Table of Contents

Historical Foundations of Entrepreneurship Research

Historical Foundations of Entrepreneurship Research

Edited by Hans Landström and Franz T. Lohrke

This book historicizes entrepreneurship research, its primary thesis being ‘history matters’. Expert contributors discuss the field’s long history and explore whether it has developed a mature and comprehensive knowledge base. The intellectual roots of several important theories are then examined in depth because, as entrepreneurship research has become more theory driven, and scholars have borrowed theories from many different fields, it becomes increasingly important to understand their origin. Finally, the book demonstrates how economic history research (for example, the historical and institutional context of entrepreneurial behaviour) can contribute to our understanding of entrepreneurship.

Chapter 10: Entrepreneurial Groups

Martin Ruef

Subjects: business and management, entrepreneurship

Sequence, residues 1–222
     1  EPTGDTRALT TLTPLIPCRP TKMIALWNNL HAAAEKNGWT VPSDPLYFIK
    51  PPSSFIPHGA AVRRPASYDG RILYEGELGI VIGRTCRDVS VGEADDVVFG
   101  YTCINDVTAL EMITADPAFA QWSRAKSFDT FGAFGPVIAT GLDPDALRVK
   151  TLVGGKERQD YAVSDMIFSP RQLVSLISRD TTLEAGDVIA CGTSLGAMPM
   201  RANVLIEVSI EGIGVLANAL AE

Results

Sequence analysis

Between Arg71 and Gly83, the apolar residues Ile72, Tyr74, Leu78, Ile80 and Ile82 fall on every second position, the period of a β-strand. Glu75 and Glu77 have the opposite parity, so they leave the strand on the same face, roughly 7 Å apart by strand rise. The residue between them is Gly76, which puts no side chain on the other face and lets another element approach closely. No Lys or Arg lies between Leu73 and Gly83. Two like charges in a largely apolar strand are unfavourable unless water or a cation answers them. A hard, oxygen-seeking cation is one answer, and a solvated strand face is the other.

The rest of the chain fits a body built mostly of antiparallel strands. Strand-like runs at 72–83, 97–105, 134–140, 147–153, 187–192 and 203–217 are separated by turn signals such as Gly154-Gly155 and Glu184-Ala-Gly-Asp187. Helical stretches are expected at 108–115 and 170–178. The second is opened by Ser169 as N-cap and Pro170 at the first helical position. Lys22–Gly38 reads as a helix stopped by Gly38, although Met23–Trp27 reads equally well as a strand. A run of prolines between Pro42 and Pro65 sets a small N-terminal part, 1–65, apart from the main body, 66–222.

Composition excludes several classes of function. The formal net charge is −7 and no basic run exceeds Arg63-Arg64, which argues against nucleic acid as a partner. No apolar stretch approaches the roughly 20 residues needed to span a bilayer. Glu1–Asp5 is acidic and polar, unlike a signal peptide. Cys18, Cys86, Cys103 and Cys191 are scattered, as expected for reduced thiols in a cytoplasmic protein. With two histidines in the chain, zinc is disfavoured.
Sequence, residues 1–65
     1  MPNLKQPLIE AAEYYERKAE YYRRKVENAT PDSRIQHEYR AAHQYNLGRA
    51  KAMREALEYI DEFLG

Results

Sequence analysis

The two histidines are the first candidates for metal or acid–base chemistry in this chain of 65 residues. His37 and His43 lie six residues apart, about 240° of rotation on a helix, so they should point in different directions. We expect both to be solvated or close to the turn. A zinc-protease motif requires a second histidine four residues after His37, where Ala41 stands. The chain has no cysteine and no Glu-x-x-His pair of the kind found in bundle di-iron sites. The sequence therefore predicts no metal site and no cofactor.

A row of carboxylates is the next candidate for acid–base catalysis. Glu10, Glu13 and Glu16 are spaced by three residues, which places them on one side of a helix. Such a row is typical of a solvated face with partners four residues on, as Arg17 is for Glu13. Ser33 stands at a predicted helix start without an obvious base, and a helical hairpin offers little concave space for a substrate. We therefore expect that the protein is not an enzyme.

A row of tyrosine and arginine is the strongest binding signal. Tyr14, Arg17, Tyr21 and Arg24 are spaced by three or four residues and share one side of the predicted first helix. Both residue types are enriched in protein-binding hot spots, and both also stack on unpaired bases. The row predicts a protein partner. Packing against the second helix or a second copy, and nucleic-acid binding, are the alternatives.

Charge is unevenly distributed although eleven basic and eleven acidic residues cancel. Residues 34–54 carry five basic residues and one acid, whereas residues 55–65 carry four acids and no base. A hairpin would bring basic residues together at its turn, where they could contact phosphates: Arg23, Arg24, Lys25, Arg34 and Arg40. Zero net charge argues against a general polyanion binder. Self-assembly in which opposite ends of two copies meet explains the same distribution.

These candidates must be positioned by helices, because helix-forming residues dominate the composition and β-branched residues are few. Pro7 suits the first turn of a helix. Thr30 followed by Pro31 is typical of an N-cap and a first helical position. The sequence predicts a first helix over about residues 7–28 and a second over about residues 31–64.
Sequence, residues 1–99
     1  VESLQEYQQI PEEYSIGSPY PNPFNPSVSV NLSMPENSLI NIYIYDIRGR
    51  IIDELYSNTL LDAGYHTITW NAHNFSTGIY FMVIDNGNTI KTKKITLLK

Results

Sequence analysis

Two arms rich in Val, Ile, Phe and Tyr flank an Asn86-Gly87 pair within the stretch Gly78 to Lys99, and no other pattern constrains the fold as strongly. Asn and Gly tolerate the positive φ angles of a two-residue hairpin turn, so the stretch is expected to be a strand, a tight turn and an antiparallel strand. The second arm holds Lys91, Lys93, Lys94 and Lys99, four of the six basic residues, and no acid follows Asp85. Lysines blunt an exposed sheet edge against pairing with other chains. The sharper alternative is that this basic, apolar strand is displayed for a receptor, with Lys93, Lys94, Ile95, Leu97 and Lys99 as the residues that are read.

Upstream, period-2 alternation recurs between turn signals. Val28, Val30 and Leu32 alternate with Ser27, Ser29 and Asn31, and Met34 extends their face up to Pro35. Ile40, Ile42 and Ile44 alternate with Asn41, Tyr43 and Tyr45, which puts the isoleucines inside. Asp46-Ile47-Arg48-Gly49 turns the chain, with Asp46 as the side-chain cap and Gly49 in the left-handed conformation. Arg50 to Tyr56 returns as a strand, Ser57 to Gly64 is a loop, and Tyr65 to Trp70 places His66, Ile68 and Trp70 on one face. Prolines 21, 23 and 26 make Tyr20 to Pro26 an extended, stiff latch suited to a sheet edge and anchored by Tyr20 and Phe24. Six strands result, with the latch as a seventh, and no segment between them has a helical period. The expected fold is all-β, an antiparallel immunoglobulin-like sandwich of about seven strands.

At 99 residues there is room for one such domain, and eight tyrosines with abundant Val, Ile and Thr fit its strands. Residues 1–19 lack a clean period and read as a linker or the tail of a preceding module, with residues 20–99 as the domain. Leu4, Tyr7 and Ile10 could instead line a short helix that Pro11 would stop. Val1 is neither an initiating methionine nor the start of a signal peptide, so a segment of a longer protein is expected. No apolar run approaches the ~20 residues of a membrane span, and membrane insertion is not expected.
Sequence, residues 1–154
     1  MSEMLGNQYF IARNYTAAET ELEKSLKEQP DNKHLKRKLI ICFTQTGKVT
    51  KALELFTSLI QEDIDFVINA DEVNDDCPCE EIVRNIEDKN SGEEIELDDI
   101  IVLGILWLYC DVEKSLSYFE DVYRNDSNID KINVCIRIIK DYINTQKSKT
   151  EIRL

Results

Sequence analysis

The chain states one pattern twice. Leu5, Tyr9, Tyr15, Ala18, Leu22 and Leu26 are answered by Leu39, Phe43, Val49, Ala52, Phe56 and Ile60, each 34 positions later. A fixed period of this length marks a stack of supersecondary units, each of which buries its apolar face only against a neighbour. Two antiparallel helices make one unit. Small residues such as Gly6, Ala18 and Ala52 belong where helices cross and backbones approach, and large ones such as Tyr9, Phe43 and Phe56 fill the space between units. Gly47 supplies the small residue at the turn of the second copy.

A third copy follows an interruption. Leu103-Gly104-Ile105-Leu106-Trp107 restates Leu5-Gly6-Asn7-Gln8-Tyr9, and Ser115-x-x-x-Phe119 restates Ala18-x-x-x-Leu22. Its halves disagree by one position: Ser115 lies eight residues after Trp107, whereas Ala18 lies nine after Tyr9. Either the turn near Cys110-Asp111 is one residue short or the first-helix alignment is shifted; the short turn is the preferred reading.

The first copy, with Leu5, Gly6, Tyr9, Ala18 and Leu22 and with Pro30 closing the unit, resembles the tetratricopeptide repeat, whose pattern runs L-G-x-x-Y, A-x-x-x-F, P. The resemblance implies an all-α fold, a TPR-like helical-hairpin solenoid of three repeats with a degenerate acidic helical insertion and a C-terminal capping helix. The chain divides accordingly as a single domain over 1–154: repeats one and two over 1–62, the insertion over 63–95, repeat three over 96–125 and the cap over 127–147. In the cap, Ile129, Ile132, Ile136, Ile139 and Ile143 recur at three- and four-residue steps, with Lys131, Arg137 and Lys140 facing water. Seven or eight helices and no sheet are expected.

Martin Ruef INTRODUCTION To many observers, a focus on entrepreneurial groups – or, more colloquially, venture ‘founding teams’ – is a thoroughly modern pre-occupation. It was only in the late 1980s and early 1990s that scholars in business management and policy began to question the image of the heroic individual found in traditional treatments of entrepreneurship. Writing in the Harvard Business Review, the economist Robert Reich (who would become Bill Clinton’s Secretary of Labor six years later) argued that ‘to compete effectively in today’s world, we must begin to celebrate collective entrepreneurship’ rather than ‘the traditional myth of the entrepreneurial hero’ (1987, p. 78). Some management thinkers had touted the importance of ‘team entrepreneurship’ as much as a decade earlier (e.g. Timmons, 1975; 1979), but a new generation of scholars were the first to call for a systematic program of research that would document the prevalence of entrepreneurial groups, describe their properties, and assess their impact on business performance (e.g. Kamm et al., 1990; Gartner et al., 1994). In a review of developments in entrepreneur research and theory, Gartner and colleagues (1994, p. 6) noted that ‘the “entrepreneur” in entrepreneurship is more likely to be plural, rather than singular’. They offered an expansive definition of the entrepreneurial group, which included owner-managers, investors, organizational decision-makers, family members, advisors, critical suppliers and buyers as possible candidates in the entrepreneur role. Contributors to the management literature have primarily displayed an interest in teams as a contemporary phenomenon. In this chapter, I suggest that the historical...

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